This American VC Thinks He’s Getting Out of China Just in Time
Stephen Bell spent seven years hunting for bargain investments among the startups founded by China’s entrepreneurs. Now he’s packed his bags and moved back to Texas, convinced the best deals are gone.
The 52-year-old began making venture investments in China in 2009 and ended up putting money into about 50 startups. His focus was backing students graduating from top schools, such as Tsinghua University, as they came up with innovative ideas for companies. The valuations for startups have risen so much, though, he thinks the bargains are now gone.
The venture business has soared in China as investors try to imitate the success of companies such as Alibaba Group Holding Ltd., which last year scored the largest initial public offering ever, and Xiaomi Corp., the smartphone maker valued at $45 billion. Venture investment in China more than tripled last year, pushing valuations to levels approaching those in the U.S.
“The market changed like a switch,” said Bell, who cut the deals as managing director of Trilogy VC, a venture capital firm founded with Trilogy Software Inc. chairman Joseph Liemandt.
In 2014, total venture capital deals in China hit $13.6 billion, up from $4.2 billion the year before, according to the London-based consultancy Preqin Ltd. Venture capital investments in the U.S. rose to $54 billion from $36 billion.
Bell, an entrepreneur who has started companies on three continents, began going to China regularly when he sold software for Trilogy, based in Raleigh, North Carolina. He and Liemandt decided to begin their venture investing in China in large part because valuations were so much lower than for U.S. companies.
Bell would visit schools including Tsinghua and Peking University in Beijing and host competitions in which students voted on each other’s 60-second elevator pitches. The best business idea would win 3,000 yuan ($483).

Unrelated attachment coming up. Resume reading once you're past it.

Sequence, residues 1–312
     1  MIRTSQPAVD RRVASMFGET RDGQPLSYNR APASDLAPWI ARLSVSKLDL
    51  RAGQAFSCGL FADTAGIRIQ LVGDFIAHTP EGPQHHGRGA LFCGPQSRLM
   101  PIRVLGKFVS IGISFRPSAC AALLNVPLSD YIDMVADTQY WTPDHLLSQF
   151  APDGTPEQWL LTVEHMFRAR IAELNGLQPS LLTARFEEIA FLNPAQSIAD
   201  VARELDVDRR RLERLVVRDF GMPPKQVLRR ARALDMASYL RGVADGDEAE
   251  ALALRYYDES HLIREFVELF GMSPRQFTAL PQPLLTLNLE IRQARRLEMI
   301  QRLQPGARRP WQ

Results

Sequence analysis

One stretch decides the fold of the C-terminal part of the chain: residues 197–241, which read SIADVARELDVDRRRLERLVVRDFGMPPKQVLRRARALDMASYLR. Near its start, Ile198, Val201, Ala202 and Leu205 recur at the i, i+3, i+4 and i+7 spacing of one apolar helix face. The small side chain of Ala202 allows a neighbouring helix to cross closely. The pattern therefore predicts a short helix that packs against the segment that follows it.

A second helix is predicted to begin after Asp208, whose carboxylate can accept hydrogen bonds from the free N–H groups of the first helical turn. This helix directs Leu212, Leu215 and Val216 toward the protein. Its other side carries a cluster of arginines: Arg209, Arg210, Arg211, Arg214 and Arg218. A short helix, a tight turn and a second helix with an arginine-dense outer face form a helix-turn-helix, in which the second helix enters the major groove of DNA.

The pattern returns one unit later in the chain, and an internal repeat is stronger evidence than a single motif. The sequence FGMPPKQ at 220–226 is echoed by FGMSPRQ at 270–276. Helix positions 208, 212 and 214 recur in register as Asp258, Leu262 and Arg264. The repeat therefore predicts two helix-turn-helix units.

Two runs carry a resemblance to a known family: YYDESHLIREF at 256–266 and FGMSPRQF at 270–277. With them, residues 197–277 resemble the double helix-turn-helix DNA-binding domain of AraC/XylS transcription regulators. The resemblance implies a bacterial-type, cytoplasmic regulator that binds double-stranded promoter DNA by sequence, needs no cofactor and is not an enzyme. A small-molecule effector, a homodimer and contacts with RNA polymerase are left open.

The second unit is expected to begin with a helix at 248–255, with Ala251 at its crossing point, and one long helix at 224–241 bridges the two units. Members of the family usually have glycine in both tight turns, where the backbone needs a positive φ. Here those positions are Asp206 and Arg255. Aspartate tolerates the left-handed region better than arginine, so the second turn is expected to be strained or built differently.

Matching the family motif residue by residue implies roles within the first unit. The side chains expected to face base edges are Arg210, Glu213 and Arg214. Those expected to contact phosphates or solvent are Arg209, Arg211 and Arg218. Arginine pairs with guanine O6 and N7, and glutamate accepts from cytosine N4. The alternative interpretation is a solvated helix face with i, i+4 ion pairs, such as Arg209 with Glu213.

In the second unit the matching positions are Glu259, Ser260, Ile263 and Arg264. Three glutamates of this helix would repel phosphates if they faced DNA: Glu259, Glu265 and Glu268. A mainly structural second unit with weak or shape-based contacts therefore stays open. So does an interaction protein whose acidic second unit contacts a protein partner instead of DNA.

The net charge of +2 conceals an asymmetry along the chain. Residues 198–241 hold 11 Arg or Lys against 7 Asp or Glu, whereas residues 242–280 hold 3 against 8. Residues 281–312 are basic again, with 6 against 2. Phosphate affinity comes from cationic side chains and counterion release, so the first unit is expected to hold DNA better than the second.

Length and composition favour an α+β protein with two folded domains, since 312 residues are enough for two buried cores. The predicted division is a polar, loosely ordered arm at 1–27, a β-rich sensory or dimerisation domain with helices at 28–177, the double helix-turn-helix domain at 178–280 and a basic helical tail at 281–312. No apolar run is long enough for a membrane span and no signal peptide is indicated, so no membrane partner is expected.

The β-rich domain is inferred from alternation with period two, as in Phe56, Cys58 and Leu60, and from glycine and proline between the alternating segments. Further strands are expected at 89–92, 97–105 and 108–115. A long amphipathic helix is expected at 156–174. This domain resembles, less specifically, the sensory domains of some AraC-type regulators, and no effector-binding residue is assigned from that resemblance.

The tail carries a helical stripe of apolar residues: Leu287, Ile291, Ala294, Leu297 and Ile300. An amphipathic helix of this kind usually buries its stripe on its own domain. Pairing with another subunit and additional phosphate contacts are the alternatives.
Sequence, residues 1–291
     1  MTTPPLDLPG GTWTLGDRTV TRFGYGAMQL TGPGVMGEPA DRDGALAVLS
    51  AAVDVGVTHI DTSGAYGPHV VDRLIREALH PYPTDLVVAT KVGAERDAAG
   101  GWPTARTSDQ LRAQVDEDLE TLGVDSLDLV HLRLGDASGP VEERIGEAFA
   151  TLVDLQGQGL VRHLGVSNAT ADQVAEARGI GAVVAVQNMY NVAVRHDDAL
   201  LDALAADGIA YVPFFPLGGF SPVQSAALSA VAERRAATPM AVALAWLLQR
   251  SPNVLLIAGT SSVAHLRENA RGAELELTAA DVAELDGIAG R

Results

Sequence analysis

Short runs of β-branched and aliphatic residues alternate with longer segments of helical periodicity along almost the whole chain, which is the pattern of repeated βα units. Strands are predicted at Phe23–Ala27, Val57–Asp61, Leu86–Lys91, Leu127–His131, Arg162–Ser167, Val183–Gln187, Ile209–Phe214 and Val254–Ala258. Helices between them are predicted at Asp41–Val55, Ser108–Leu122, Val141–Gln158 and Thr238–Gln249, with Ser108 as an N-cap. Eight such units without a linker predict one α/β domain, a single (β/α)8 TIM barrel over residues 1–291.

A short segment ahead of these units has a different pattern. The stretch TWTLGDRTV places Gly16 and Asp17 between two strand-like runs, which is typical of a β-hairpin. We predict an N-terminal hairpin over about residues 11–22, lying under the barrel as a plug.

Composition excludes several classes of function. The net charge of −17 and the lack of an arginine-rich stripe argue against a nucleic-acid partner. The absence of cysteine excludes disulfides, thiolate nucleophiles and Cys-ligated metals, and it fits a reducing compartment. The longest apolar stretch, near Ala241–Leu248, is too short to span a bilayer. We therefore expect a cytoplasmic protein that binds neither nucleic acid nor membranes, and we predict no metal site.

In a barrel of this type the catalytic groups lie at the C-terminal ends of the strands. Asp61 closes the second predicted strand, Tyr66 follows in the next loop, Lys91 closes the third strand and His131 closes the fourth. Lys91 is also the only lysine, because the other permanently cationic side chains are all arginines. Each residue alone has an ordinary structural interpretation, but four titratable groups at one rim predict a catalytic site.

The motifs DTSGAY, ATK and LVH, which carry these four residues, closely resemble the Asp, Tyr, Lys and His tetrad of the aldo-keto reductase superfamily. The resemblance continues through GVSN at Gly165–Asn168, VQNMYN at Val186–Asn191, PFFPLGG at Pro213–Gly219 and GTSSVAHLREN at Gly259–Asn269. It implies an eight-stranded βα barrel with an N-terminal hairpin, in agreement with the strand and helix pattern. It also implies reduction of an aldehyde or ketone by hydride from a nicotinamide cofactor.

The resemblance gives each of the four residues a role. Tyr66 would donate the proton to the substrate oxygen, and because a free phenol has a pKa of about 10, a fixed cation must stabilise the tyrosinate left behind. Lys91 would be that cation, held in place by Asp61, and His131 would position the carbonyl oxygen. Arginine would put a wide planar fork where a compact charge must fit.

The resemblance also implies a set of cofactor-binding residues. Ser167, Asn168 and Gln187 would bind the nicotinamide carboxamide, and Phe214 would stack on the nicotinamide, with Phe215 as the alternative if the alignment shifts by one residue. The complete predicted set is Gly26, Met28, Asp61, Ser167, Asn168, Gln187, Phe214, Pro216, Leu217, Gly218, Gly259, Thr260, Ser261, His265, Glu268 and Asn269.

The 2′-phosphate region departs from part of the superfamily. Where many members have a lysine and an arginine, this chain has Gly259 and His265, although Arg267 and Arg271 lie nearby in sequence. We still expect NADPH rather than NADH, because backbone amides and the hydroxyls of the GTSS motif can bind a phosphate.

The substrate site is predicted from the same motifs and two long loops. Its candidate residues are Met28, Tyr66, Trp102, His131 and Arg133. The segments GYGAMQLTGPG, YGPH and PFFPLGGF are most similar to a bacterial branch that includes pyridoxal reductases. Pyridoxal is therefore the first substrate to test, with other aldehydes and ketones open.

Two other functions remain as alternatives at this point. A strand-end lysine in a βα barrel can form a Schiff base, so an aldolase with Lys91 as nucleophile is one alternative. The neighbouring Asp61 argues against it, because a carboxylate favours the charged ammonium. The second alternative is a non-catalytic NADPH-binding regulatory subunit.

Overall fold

He found plenty of opportunities for so-called angel investing, usually the first outside money put into a startup. He said he could offer $100,000 for a 25 percent stake, roughly one-sixth the cost of similar Silicon Valley seed deals.
“Every term sheet I put out, I got the deal,” Bell said.
His portfolio grew to include BTCChina.com, China’s most popular bitcoin exchange; games maker droidhen.com; social sharing app JiaThis.com; and sports motion sensor Zepp Labs.
Last year, as Alibaba went public, the number of angel investors in China soared to thousands from a few dozen two years before. A Chinese version of AngelList, vc.cn, tallies at least 1,985 investors. Bell said local competitors started offering money at 10 times the valuations he was used to, putting them in the same range as Silicon Valley startups that had more support and less country risk.
“As a startup investor, if I’m paying seven times or less than my U.S. counterparts, I’m going to be okay,” Bell said. “But once I start paying the same? I’m like, no way.”
China seed and startup tech investments rose to $2 billion in 2014 from $946 million in 2013, according to Hong Kong-based AVCJ Research. So far this year, it has hit $1.4 billion.
Bell isn’t the only one with concerns about valuations.
“Angel investing is almost on par with the U.S.,” said Rui Ma, partner for 500 Startups, a Silicon Valley-based fund. “They have the same prices as the U.S. but less traction, the companies are less mature.”
That’s a boon for entrepreneurs like Deng Jin, a journalist who decided to launch an online education company to fill what she felt were gaps in her daughter’s traditional elementary school. Even without a clear idea how she’d make money, she raised $2 million to start providing online and mobile courses in liberal arts.
“When you look back in China’s history there has not been a better time than now for startups and entrepreneurs,” she said.
Still, many early stage investors may not see the risks that Bell did. Seed investing in China has a very short track record and few have realized the high rate of failure. In Silicon Valley, it’s common to have only one big hit out of 10 investments.
“When people are doing things they’ve never done before, there’s a learning curve,” said William Bao Bean, investment partner at SOSV and managing director of Chinaccelerator in Shanghai.